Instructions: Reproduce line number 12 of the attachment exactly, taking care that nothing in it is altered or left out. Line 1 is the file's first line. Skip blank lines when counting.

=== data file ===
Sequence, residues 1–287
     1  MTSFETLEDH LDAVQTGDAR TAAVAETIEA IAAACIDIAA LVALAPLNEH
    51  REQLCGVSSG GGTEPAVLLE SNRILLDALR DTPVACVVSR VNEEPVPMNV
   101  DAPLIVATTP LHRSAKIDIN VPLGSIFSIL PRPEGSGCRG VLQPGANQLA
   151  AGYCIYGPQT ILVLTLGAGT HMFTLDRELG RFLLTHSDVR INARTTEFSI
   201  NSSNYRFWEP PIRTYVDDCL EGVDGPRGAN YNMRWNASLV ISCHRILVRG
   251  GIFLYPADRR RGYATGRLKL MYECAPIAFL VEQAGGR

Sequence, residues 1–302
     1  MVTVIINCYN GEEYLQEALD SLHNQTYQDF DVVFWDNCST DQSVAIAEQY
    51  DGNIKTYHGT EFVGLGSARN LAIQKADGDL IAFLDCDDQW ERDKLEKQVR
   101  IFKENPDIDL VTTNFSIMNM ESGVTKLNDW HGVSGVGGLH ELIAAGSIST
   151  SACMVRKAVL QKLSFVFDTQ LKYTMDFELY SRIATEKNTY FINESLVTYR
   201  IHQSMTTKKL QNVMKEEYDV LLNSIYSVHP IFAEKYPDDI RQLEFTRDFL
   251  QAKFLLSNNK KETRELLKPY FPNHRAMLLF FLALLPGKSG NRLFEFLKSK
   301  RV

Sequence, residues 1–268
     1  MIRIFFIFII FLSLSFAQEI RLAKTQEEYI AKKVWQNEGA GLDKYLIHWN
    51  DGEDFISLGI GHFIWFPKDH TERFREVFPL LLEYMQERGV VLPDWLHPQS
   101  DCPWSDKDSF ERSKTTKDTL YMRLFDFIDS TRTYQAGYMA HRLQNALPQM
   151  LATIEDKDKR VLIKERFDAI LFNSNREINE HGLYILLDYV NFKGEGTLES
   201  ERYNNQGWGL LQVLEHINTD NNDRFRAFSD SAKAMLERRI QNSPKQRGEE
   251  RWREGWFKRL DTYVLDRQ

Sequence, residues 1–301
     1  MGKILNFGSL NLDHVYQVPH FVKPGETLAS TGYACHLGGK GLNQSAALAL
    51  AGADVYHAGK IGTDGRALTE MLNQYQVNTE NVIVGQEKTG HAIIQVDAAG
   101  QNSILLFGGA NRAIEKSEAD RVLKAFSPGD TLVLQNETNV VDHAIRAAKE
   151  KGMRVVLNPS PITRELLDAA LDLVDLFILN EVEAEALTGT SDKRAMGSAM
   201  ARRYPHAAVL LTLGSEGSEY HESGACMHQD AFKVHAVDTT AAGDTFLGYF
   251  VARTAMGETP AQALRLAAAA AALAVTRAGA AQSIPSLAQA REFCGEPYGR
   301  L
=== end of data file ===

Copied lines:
   151  SACMVRKAVL QKLSFVFDTQ LKYTMDFELY SRIATEKNTY FINESLVTYR